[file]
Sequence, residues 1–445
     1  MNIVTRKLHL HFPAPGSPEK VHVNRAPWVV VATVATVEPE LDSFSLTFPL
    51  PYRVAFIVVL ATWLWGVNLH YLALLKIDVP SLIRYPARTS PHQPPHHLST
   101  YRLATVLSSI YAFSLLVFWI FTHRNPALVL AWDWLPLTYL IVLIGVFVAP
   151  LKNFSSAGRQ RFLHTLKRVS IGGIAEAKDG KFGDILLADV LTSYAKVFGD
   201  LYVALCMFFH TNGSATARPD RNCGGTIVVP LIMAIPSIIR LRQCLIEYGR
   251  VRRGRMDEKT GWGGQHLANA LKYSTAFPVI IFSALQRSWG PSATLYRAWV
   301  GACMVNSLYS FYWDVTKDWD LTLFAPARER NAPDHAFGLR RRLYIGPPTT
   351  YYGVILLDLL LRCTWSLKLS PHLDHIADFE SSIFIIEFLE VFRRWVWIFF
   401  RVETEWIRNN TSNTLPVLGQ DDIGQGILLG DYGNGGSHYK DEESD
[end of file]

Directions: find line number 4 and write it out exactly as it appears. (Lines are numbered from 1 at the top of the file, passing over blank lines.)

   101  YRLATVLSSI YAFSLLVFWI FTHRNPALVL AWDWLPLTYL IVLIGVFVAP